Our week began with two days of cancelled dives because of stormy weather. Instead we ended up back at Paindane school, which wasn’t too bad as it meant we had the chance to finish off our map painting in one of the classrooms. On Tuesday afternoon Shelby tested positive for malaria, so we were a person down for the next couple of days.
We got a little bored on Wednesday at Guinjata as nothing came up all morning until the fishermen brought in something so big it took two men to drag it out of the water. At first Rachael, who was looking through the binoculars, thought it was a shark, but it turned out to be a barracuda. There were also a few other fish which we decided to measure first. Then just as we were about to start on the barracuda a man appeared, picked it up and slung it over his shoulder then proceeded to run away from us down the beach. How he managed to carry it and two other fish without falling over remains a mystery, but the end result was that we missed the chance to measure the most interesting fish at Guinjata we’ve had yet.
Thursday was an even stranger day, as Shelby was still too ill to come and Ollie had to go into town to get his visa renewed. We ended up with just two people at Paindane fishery. Again, nothing came up all morning until we got a gill net full of needle fish. This was shortly followed by the shark boat, who’s arrival was heralded by a large group of women and children, all shouting and laughing for joy. The fishermen had brought in a total of five sharks, including two 2.2m black tips, one male and one female.
On Friday the weather was finally good enough for us to dive and the visibility was amazing, from one end of the transect we could easily see the other 25m away. We also ended up doing three dives instead of two to start catching up on the ones we’d missed. This meant a lot more logging needed to be done that evening. Unfortunately this was also the evening that the dive centre decided to do a night dive, which Ollie was lucky enough to get a space on. The end result is that we still haven’t finished our logging!
On another note, Shelby found a dead hermit crab in her bag and decided to put it in Tom’s bed, only when he went to bed that evening he didn’t notice. His morning retaliation however, has led to all out war.
Team 3- Caitlin, Kimi and Mark (Smith)
On Monday, Tuesday and Wednesday we were painting at Paindane School. This week the kids were all on their winter holiday, so we had the opportunity to paint the inside of a classroom. We decided to paint the alphabet along the edge of the classroom, and painted a mural of the ocean layers and the animals that you would find there on the back wall. A South African school was also at the School this week, helping out by whitewashing the school ready for the next programme to paint murals on.
On Thursday we had a day of coral reef surveys. Our first dive was to Turtle Creek, a deep dive, so we were only able to carry out the central ‘Coral Cover’ part of our survey due to being limited by no decompression time. Our second dive was to Caves, however the current swept us off the reef so we had no data from this dive. Logging therefore only took us 40 minutes, so we had a lazy afternoon.
Friday was a relatively easy day at the Guinjata fishery. The day before the police had been down at the beach catching the fishermen out for not having spearfishing or kayaking permits, so the fishermen seemed a little wary still. However the fishermen still caught a few lobsters and a range of fish. On Friday night Kimi and Caitlin got the chance to go on a night dive which was awesome, and afterwards there was a Braai on the beach.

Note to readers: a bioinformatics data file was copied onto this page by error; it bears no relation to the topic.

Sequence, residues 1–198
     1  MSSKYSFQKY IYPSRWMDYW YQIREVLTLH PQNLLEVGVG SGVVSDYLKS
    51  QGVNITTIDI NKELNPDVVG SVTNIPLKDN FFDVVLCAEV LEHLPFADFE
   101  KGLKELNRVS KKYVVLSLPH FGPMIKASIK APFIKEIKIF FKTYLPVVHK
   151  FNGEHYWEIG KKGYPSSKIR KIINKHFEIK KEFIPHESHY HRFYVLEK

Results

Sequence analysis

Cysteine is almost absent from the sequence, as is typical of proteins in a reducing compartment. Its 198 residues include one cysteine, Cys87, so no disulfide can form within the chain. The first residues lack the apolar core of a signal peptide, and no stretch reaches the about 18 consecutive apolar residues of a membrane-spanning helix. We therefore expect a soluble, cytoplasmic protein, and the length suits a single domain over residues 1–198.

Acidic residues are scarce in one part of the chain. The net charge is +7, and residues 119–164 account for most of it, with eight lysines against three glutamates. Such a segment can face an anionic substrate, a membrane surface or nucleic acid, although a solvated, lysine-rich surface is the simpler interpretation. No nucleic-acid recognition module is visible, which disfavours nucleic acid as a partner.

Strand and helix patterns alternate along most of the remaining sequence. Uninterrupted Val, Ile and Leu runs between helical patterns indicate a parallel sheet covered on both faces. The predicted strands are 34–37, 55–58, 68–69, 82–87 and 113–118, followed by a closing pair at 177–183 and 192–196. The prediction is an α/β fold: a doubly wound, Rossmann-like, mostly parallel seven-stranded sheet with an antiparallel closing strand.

Team 4- Beth, Callum and Paige
On Sunday Beth and Paige went on a yacht trip to Linga for burgers and watersports, Beth face planted violently during water skiing and Paige nearly lost teeth to an elbow during tubing with Shelby. Paige was lucky enough to steer the catamaran and everyone was scared for their lives. Beth almost fell off attempting the titanic pose. Monday was our penultimate Paindane and Hitty and Pino (the dogs) came with us and stayed all day, each buried a coconut seed in the sand, you never know there could be a coconut palm to give shade to the future volunteers. That night we had movie night, Beth popped some popcorn and we watched the jungle book on the big screen (a bed sheet). Tuesday was a stormy day, Beth sawed through shark vertebrae all day for her masters dissertation, it was a little frustrating as they were a little too big for the saw. Paige and Callum did a little painting at Paindane School but enjoyed half a day off due to the stormy weather. Wednesday was our last ever Paindane day, this wasn’t very eventful, Callum snorkelled the reef, and he says it was as beautiful as bubble gum ice cream, he also chased some whales to no avail for 2km much to Beth and Paige’s worry. Thursday and Friday were our paint days at the school, the kids whispered and giggled behind our backs, there was a lot of seaweed thanks to Paige as well as an awesome red sea fan collaboratively by Paige and Beth. We also painted blackboards and the South African catholic students who were there also helping to renovate Paindane School bought us Easter eggs even though it’s the end of august. On Thursday night Paige and Callum went with others from the volunteer program to a organised Olympic games party held at Neptune’s bar, where they had pizza and the Guinjata girls won tug of war contest. On Friday night Beth and Callum did a night dive and saw a sleeping turtle and parrot fish as well as seeing bioluminescence on their safety stop. On Saturday Beth and Callum did the first of their two rescue diver dives and are hoping to be mostly finished by Sunday, Paige’s highlight of the day was her washing and she ended the day having made coconut brigaderos and pina coloda.
Well the weather wasn’t great this week but spirits were still high and work continued thanks to these hard working teams! We can’t believe how fast the weeks are going and we hope your last week here is as awesome as this one has been.